Fight against domestic violence

Protection Order is an order given by a Magistrates Court of Zimbabwe or High Court or a chief's or headman's court (for cases of psychological, emotional, verbal or economic abuse only) against a person causing domestic violence in any of its forms, which is meant to ensure that such person does not continue to commit the violence. This may also order the person committing the violence to pay maintenance where there is economic abuse.

Background

The Domestic Violence Act Chapter 5:16 provides protection and relief for victims of domestic violence. The Domestic Violence Act was enacted in 2007 and to date has been one of the country’s most progressive pieces of legislation and has had the biggest impact on the justice delivery system. Section 80 of the Constitution of Zimbabwe especially, provides for the rights of women and protection of their dignity and worth as equal human beings in the society. Section 80(3) particularly outlaws laws, customs, traditions and cultural practices that infringe upon the rights and personal safety of women.

Protection Orders Section 7, are peace orders, which are specific to domestic violence. Where an act of domestic violence has been or is being committed or is threatened, an application for a protection order may be made to a court. The application is handled on an urgent basis and granted if there is sufficient reason to grant it and a warrant of arrest is issued simultaneously.[1]

Who can apply for Protection Order

  • The victim of domestic violence
  • Any person allowed by a victim to apply for them
  • Any person looking after a victim who is below the age of 18 years
  • Any person acting to represent the victim, without the permission of the victim but with the court's permission

What protection is available before the Protection Order is given by the court

  • The court has the power to give an interim Protection Order that protects the victim before the court date where it is satisfied that the perpetrator is committing an act of domestic violence or is likely to commit such an act.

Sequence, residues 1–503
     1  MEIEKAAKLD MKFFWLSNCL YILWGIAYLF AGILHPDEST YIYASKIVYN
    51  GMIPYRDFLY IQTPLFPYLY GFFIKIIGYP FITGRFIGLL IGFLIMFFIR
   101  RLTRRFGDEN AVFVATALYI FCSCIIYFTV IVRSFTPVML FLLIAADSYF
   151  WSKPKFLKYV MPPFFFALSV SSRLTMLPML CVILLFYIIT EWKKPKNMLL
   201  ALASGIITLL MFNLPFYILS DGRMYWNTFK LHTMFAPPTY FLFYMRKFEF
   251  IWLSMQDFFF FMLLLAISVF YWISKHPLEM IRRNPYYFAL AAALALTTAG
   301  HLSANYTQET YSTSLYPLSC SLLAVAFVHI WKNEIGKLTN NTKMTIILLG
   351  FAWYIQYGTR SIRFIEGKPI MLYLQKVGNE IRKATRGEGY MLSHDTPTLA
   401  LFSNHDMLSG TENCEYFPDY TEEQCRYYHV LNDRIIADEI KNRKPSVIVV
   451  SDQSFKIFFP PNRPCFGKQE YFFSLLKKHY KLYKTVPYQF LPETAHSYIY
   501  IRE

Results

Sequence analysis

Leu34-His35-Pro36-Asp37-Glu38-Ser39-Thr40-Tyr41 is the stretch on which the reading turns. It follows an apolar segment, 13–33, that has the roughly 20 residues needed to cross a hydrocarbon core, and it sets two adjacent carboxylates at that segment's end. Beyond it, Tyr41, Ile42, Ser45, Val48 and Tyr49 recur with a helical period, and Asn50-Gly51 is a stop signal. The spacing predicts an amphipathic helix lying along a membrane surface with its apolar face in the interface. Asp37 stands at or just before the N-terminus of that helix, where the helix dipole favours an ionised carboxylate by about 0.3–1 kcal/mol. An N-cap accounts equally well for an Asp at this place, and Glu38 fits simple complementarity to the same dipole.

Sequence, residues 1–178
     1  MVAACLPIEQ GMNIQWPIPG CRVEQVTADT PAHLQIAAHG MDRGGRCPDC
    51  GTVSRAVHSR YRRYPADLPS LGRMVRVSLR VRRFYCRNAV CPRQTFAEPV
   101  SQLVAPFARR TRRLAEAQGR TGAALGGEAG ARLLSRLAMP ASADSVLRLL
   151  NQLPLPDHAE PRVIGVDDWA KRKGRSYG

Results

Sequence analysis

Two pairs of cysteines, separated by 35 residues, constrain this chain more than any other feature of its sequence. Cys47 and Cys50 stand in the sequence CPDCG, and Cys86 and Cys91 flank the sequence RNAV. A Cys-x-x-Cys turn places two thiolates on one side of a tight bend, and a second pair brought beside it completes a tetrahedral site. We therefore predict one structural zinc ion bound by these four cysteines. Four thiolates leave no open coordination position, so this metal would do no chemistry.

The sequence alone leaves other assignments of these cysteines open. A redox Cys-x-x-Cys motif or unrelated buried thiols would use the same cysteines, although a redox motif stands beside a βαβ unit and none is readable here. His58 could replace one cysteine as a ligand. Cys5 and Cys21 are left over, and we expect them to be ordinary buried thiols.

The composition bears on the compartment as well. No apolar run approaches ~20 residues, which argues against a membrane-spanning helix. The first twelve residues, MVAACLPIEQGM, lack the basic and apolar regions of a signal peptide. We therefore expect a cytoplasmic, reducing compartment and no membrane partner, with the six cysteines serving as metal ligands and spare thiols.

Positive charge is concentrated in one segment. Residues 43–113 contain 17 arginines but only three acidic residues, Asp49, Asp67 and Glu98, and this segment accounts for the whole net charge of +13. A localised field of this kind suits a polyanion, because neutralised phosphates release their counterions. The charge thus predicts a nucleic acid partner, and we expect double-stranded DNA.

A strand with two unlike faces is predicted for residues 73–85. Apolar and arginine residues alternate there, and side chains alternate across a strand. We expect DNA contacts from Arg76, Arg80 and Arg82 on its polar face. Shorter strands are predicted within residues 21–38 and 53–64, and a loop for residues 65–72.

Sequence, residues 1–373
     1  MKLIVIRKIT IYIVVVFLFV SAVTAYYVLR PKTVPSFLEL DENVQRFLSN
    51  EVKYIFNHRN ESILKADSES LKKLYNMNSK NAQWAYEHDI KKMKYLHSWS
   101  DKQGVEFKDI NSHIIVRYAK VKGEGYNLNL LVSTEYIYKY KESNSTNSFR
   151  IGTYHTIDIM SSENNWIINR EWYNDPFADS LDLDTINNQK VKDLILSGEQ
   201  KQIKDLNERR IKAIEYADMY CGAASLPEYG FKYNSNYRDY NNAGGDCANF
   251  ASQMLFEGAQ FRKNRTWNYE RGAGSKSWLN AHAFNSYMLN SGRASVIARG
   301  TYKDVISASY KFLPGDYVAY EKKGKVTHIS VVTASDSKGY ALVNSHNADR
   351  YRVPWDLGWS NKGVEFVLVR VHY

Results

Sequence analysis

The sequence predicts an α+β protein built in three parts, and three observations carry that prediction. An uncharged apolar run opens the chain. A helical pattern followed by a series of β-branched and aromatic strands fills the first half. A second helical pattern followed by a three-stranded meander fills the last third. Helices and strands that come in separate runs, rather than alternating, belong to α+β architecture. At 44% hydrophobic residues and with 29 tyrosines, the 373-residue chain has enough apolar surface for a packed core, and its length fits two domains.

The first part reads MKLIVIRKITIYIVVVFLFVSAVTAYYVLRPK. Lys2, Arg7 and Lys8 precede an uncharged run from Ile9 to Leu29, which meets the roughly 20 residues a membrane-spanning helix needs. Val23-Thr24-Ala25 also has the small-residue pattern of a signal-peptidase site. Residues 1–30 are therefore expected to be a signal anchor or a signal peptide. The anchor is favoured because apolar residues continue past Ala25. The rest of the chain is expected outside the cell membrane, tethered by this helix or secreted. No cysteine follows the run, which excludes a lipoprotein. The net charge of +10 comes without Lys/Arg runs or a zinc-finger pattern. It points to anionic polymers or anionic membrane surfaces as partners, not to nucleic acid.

• The Interim Protection Order shall be issued with a notice to the respondent to come to court on a date specified and show reasons why a protection order should be made.
  • The clerk of court should assist the victim to serve the Interim Protection Order on the perpetrator through the Zimbabwe Republic Police (ZRP).

How does one get a Protection Order

One has to make an application to the court and file it with the clerk or registrar of court. The clerk of court has a duty to advise the victim (in cases where the victim does not have a lawyer) of:

  • Relief available in terms of the act
  • The effect of any order given and how it will be enforced
  • The right to report to the police and make a criminal complaint if a criminal offense has been committed
  • The right to claim compensation for loss suffered or injury as a result of an act of domestic violence

What evidence will the court consider

  • Written evidence which may include medical evidence based on a police report
  • Oral evidence by the victim, the perpetrator and any witness
  • Evidence by way of an affidavit

What can be provided in the Protection Order

  • That the victim or perpetrator or other affected family member undergo counselling
  • The perpetrator should stop committing an act of violence personally or through others
  • That the perpetrator should stay away from a specified place, which may be where the victim lives
  • That the perpetrator should not enter or approach the victim's place of work
  • That the perpetrator should pay emergency maintenance for the victim's needs and those of child/dependent

Important facts about the Protection Order

  • Protection Order (PO) is Valid for at least 5 years but may be cancelled of changed by a court
  • Where one breaks a term of the PO, the victim or a representative of the victim may request any police officer to arrest the perpetrator
  • Lying in an affidavit for a PO can lead to imprisonment of up to 2 years
  • Repeated breach of a protection order results in an offence and liability to imprisonment for up to 5 years
  • After both the victim and perpetrator have to come to court and the court is satisfied, that the perpetrator committed an act of domestic violence, and that protection is necessary. A warrant of arrest is attached to the PO and will be used if the perpetrator does not obey order.[2]



References

  1. [1], NewsDay, Published: 17 December, 2019, Accessed: 30 March, 2021
  2. [2], Women and Law in Southern Africa - Zimbabwe, Published: 4 July, 2019, Accessed: 30 March, 2021